That all play and no work wouldn't answer,
So he asked what the squirrel in winter must do,
If he spent all the summer a dancer.
The squirrel, dear Harry, is merry and wise,
For true wisdom and mirth go together ;
He lays up in summer his winter supplies,
And then he don't mind the cold weather.
And, here’s an excerpt from Barton’s poem called Winter Evenings.
The summer is over,
The autumn is passed,
Dark clouds over us hover,
Loud whistles the blast ;
But clouds cannot darken,
nor tempest destroy
The soul's sweetest sunshine,
the heart's purest joy.
Our path is no bright one,
From morning till eve ;
Our task is no light one,
Till day takes its leave :
We'll turn to the pages
Of history's lore ;
Of bards and of sages
The beauties explore :
And share o'er the records we love to unroll
The " feast of the reason and flow of the soul."
Grow That Garden Library
Life List by Olivia Gentile
The subtitle to this book is “A Woman's Quest for the World's Most Amazing Birds.”
This book is a loving and beautiful biography of bird enthusiast Phoebe Snetsinger. Phoebe was a 1950’s housewife, married with four children, and an avid bird-watcher. When she got diagnosed in her 40’s with incurable cancer and given less than a year to live, she started traveling the world, birding, and she never looked back. Phoebe ended up living, after her diagnosis, for another 18 years.
Oliva begins this book by explaining the concept of a life list:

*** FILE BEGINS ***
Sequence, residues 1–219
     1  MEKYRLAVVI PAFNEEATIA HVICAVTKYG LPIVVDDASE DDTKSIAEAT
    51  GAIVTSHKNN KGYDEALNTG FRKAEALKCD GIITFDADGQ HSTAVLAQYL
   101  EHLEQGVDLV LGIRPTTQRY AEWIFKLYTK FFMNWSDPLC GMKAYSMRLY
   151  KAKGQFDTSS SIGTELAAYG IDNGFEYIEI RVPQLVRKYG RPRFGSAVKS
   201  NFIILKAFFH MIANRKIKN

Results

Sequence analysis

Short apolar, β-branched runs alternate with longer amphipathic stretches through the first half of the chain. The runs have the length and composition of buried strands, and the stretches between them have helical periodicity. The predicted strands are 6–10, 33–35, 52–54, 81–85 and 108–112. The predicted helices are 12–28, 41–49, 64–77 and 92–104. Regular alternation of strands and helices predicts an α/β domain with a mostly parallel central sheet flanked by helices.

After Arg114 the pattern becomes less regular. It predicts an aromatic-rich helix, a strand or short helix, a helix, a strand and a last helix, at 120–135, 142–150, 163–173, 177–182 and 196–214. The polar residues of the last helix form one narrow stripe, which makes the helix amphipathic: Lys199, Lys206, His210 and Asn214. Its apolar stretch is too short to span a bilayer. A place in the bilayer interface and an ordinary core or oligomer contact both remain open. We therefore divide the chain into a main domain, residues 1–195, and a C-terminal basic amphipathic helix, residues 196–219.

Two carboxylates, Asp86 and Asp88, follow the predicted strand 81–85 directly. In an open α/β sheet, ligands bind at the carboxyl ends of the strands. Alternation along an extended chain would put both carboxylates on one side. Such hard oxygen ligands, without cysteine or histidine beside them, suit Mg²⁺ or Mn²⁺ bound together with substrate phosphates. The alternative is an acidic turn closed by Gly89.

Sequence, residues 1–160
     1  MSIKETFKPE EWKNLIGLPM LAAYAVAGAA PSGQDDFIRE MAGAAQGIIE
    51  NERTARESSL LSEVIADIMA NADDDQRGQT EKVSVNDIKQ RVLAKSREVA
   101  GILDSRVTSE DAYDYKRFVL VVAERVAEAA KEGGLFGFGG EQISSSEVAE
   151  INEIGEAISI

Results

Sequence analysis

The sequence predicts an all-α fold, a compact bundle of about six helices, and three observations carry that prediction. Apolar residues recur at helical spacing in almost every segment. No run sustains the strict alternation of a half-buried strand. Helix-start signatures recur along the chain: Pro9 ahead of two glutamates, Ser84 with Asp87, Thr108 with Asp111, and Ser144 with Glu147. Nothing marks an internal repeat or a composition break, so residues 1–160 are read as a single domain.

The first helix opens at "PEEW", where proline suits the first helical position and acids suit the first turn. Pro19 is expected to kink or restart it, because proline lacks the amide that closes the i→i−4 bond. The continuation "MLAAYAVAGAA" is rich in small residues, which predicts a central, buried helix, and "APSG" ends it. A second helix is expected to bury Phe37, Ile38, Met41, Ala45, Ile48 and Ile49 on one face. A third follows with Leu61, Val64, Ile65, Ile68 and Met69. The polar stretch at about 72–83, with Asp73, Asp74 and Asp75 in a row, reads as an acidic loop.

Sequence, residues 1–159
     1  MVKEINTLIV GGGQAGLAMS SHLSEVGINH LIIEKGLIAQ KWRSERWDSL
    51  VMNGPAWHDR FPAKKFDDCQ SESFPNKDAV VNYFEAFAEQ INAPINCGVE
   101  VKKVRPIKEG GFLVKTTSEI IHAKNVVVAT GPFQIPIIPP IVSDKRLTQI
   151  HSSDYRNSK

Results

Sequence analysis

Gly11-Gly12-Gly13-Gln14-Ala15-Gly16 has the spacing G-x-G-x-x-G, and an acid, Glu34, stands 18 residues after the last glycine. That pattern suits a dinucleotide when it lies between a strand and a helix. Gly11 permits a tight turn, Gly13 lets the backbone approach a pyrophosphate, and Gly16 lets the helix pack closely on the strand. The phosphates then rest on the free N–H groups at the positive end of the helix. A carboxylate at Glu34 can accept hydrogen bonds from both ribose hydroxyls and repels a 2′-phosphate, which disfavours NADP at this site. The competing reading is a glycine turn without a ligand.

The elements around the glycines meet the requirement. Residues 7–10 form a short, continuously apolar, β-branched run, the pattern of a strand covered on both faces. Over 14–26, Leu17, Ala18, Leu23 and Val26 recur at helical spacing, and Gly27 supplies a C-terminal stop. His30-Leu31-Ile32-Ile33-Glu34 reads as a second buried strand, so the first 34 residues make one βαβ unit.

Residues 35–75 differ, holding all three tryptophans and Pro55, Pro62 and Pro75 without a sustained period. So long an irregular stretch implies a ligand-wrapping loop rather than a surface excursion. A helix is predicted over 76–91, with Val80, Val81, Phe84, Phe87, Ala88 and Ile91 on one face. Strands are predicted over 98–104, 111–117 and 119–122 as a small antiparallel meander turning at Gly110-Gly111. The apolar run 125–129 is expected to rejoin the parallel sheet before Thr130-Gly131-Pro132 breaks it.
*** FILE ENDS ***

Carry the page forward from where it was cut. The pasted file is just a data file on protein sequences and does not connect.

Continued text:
“Bird-watching, the way most people do it, is a lot like hunting, which is why some practitioners prefer the more active sounding term “birding”: you have to know where and when to look for Birds, you have to chase them down, and, when you find them, you have to figure out what species they are— often in just a second or two, before they fly away. Tate, like most birders, kept a “ life list” of all the species he'd seen and identified, and he was always looking to add new ones, or “life birds.”
“I decided to write some sort of essay on bird watching, and I called a few bird clubs near my home in Manhattan to see what they had going on. One man misunderstood and thought I was interested in joining his Club. He tried to encourage me. “ Who knows?” he said. “ Maybe you'll be the next Phoebe Snetsinger.” the man had never met Phoebe, but he knew all about her— as most birdwatchers do, it turned out— and he told me a little. That was back in 2001, two years after her death, and I've been piecing together her life ever since.”
You can get a used copy of Life List by Olivia Gentile and support the show, using the Amazon Link in today's Show Notes for under $3.